House Republicans re-elected their leadership team in voting marked by the deep divisions and frustrations that come from being the minority party for more than three decades.
House Minority Leader Robert Michel of Illinois and Whip Newt Gingrich of Georgia were re-elected to the No. 1 and No. 2 jobs without opposition when the 167 Republicans assembled in the cavernous Cannon Caucus Room. The terms last two years.Then, in a toughly fought contest for Republican Conference chairman, the No. 3 leadership post, incumbent Jerry Lewis of California defeated challenger Carl Pursell of Michigan, 98-64.
And in a bitter contest for chairman of the party's House campaign arm, National Republican Congressional Committee Chairman Guy Vander Jagt of Michigan survived a challenge by Rep. Don Sundquist of Tennessee. The vote totals were not announced immediately.
It has been 36 years since any Republican in the House of Representatives could call a hearing to order, preside over the chamber, or take primary credit for a piece of legislation.
House Republicans suffered an additional indignity and stepped up their renewed infighting when their already small numbers were reduced further by last month's elections.
"There is a big feeling that we just have to get a broom in there and sweep the place out," said one six-term Republican, speaking only on condition of anonymity. "But there are others who feel a bloodletting is not what we need."
The two hotly fought contests are symptoms of "the same mood which gripped the electorate (in this year's campaign) - throw the rascals out," said another senior GOP lawmaker. Few Republicans wanted to be interviewed on the subject, and those who did insisted on anonymity.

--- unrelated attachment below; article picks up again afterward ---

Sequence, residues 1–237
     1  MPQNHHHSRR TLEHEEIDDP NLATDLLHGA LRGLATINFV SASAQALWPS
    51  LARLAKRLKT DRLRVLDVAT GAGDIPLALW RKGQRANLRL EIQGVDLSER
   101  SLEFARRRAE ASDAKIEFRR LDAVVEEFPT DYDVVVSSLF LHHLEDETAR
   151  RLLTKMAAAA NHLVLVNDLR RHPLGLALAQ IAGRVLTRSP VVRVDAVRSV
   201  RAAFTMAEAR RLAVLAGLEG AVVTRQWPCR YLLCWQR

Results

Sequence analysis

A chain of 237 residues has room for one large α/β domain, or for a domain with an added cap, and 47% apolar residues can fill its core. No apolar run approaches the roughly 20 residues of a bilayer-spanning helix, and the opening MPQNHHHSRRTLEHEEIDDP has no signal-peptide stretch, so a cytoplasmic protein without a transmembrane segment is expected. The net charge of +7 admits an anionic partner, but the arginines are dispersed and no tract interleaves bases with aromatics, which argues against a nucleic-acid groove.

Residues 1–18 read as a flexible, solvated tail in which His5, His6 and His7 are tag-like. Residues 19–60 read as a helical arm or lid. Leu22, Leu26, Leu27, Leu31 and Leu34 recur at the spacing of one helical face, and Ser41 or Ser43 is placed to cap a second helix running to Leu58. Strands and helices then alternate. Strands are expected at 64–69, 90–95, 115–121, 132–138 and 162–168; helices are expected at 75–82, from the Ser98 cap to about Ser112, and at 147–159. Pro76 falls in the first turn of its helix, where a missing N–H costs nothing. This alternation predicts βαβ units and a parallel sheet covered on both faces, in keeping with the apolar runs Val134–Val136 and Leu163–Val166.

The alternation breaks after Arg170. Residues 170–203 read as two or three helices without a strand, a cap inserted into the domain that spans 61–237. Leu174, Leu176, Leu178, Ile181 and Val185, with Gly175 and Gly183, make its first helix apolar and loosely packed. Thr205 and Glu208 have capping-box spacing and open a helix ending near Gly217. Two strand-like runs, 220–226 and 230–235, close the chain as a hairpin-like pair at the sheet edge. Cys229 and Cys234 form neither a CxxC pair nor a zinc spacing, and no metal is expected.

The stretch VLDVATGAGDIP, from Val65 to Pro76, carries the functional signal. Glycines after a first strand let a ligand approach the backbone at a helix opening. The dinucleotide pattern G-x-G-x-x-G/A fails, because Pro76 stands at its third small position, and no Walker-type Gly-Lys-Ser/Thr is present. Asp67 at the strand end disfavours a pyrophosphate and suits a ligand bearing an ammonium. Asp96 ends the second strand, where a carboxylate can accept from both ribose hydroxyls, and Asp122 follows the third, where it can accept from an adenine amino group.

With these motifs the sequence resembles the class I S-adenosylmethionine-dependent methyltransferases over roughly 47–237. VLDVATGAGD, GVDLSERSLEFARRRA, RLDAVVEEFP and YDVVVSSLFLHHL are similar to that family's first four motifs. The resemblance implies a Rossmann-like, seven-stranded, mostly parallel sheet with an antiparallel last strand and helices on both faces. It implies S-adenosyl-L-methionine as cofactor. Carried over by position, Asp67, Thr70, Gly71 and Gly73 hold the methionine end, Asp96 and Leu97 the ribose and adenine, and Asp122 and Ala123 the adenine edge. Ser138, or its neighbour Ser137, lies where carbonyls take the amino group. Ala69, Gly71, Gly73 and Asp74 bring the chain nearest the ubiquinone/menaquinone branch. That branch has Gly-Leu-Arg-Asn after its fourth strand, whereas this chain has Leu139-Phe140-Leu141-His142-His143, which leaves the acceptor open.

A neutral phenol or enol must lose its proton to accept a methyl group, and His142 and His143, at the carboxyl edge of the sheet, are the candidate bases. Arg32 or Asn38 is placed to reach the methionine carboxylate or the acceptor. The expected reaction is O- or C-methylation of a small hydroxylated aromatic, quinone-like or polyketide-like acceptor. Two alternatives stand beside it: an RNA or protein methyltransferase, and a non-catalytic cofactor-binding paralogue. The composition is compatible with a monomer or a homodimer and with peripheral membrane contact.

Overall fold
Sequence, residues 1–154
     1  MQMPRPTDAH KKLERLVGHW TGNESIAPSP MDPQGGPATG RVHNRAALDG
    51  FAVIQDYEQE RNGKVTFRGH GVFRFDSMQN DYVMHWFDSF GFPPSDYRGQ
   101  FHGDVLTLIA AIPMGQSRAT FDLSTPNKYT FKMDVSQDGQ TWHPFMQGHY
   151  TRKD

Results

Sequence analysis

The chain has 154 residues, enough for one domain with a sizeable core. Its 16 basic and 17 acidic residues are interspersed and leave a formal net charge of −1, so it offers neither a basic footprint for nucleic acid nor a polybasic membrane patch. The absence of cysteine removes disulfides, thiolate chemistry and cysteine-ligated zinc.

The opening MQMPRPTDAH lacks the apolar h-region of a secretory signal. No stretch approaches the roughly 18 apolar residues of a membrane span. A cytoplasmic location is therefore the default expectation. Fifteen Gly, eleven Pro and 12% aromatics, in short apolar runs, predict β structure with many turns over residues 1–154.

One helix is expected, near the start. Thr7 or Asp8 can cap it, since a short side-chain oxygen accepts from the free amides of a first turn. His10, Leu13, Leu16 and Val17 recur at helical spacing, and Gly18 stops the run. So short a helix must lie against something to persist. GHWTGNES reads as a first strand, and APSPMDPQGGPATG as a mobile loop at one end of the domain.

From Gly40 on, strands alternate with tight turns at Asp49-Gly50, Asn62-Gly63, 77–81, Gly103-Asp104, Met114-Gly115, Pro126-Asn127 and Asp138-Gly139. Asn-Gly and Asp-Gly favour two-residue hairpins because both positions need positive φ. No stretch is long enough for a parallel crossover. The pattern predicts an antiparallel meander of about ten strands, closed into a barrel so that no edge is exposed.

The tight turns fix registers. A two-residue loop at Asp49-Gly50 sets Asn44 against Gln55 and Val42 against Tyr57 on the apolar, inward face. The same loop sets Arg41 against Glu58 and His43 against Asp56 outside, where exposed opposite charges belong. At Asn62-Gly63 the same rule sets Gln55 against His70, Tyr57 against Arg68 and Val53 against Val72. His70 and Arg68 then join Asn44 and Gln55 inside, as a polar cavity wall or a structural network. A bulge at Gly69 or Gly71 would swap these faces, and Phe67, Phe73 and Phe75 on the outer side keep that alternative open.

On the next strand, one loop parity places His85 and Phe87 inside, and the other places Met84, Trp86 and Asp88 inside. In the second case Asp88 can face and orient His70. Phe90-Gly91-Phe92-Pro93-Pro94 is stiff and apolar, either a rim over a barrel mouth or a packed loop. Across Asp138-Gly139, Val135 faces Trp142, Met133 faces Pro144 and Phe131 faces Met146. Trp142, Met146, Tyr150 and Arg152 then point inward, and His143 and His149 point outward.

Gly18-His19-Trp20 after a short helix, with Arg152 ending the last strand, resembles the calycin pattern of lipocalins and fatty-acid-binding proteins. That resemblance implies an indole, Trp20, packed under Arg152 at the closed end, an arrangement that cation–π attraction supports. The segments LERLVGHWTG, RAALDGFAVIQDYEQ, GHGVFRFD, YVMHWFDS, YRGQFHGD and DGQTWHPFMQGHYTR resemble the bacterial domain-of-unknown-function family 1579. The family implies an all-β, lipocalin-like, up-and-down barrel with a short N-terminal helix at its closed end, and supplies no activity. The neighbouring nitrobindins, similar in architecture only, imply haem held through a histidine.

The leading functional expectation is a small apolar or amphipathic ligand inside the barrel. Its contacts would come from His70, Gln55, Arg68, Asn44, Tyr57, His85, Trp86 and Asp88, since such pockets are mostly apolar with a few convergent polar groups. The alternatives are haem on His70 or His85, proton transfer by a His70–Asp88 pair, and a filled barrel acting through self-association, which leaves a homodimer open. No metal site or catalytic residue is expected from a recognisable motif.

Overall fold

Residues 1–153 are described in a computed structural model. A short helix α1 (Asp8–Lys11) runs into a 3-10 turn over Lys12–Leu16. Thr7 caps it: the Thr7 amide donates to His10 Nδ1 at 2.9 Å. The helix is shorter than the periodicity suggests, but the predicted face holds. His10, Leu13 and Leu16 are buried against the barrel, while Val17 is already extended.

Both contests also pointed out a deeper division within the party, one that splits House Republicans from the White House. When Bush wants to win a fight on Capitol Hill, he most often goes to the Senate, where the numbers are less stacked against him.
"They see themselves manipulated and taken advantage of by their own White House, and condescended to by the Democrats," said Norman Ornstein, a longtime Congress-watcher at the American Enterprise Institute, a conservative Washington think tank.
The split with the White House widened in the year's battles over the federal budget. Many House Republicans felt left in the lurch by Bush when he abandoned the no-new-taxes pledge that helped elect him in 1988.
Gingrich led a group of renegade House Republicans against the president. The congressional committee's chief political operative, Ed Rollins, advised candidates to run against Bush's budget. Lewis stuck with the White House, but Pursell did not.
Those familiar with the Byzantine world of House party politics say White House anger over that move along with a number of rivalries were at work in Monday's contests.
Others pointed to the relatively poor performance of Vander Jagt's committee over the past decade.